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Phillip Island MotoGP Test: ‘Closing feeling’ holding Laverty back

Eugene Laverty admits he was fortunate to walk away from a frightening fall at turn eight on the final day of testing, 'struggling to find set-up direction'.
Eugene Laverty admitted he was lucky to walk away from a fast fall on a Friday afternoon of MotoGP testing at Phillip Island, and feels he is 'struggling to find a direction' with 2016's electronics package and Michelin tyres.

Shortly after Phillip Island's turn eight at claimed Danilo Petrucci in a spill that broke the Italian's second, third and fourth metacarpal in his right hand, Laverty crashed at the same location thanks to windy conditions, cooler temperatures and front tyre that failed to offer significant feedback.

“It was probably the same as Petrucci,” said Laverty, who suffered no significant injuries, on Friday evening. “The cold wind meant that the right side probably wasn't perfect. In the hairpin before it wasn't quite up to temperature. Maybe I didn't give turn eight enough care because it's not really a corner. I don't consider it a corner.

“I just went right and the front closed. It's always when you least expect it. I just completely closed the front and it's so fast there. I wouldn't have minded a turn four crash but unfortunately, like Jerez, I'm getting to the point where you don't want them. You're just tipping in and it's closing.”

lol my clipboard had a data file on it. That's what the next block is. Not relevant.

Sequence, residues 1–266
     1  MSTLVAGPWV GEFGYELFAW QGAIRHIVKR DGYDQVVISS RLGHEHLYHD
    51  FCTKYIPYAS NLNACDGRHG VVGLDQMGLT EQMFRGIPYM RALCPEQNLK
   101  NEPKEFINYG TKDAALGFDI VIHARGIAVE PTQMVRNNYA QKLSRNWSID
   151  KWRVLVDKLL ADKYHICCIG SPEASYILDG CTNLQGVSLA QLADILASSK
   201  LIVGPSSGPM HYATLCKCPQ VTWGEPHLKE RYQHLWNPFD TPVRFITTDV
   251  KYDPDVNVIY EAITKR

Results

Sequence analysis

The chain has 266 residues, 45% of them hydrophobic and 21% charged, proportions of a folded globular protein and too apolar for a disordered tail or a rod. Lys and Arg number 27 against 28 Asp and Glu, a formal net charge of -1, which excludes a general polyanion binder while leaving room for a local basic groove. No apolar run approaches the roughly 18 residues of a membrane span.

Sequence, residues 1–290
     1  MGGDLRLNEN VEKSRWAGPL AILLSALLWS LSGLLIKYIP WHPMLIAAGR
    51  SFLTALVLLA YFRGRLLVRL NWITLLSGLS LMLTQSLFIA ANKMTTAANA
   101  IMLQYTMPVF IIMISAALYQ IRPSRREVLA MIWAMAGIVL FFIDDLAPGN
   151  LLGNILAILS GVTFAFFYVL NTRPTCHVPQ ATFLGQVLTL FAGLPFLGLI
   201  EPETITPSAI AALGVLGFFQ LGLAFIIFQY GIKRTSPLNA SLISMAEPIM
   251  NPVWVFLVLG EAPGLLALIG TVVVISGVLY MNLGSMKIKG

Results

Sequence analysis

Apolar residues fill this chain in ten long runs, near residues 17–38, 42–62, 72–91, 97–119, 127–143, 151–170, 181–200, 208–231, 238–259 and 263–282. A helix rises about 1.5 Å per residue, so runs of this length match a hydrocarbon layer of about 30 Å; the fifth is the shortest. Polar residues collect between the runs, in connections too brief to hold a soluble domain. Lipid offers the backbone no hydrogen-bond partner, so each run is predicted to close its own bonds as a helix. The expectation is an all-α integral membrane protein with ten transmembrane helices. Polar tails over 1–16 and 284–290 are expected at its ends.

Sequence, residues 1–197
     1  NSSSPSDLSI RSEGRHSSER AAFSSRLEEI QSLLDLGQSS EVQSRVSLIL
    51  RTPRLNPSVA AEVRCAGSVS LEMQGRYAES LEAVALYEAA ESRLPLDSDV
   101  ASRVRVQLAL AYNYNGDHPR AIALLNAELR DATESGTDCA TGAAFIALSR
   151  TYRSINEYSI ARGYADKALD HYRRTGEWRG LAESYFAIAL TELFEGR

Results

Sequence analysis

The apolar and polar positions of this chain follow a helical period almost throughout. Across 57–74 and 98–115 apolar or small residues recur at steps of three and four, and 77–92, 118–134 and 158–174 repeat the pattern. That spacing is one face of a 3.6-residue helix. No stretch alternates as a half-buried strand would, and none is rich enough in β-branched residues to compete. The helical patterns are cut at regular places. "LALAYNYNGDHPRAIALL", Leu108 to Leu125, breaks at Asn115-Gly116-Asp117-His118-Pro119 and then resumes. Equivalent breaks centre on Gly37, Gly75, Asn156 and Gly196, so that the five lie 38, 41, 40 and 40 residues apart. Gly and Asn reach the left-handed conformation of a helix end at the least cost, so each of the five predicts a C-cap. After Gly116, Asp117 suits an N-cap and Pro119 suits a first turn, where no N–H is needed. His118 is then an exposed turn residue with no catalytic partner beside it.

The crash was Laverty's third significant off during the off-season. In the first at Jerez in November, the 29-year old broke his left wrist and dislocated his right shoulder.

His fortunes hadn't improved by Sepang, when a mechanical issue forced Laverty to abandon his bike on the approach to turn four. Initial x-rays didn't detect any fractures, although his right hand was still swollen in Australia.

One of eleven riders to fall on Friday, the Northern Irishman felt Michelin's front tyre wasn't offering significant feedback through the day, making it difficult to push the package to its limits.

“It's the same thing that we've seen at this test. Yesterday [Thursday] there weren't so many crashes,” continued Laverty. “Today, f**k it was hard. You want to push and gain but every time you do the feedback isn't there. We have to work on some laps. I really didn't need that crash because this is really our first proper test.

“We're struggling to find a direction or a correct way. The good thing is we saw Baz and Barbera doing a good job. That team knows this bike so if you know the bike you can get the potential from it. We're new with the bike and it takes a bit of time to get there.

Of the machine's electronics, Laverty, 19th fastest overall, added, “The problem is our engine braking. I think we need to work on it. I'm struggling with the front and the engine braking coincides with that. That's the main thing we have to work on on the elecrtonics side.”

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February 22, 2016 11:45 AM

Laverty makes a good point as to how the Avintia guys have achieved much better results. The team has much more experience with Ducati, and they can set the bike up much more quickly and closer to a functional set of parameters.

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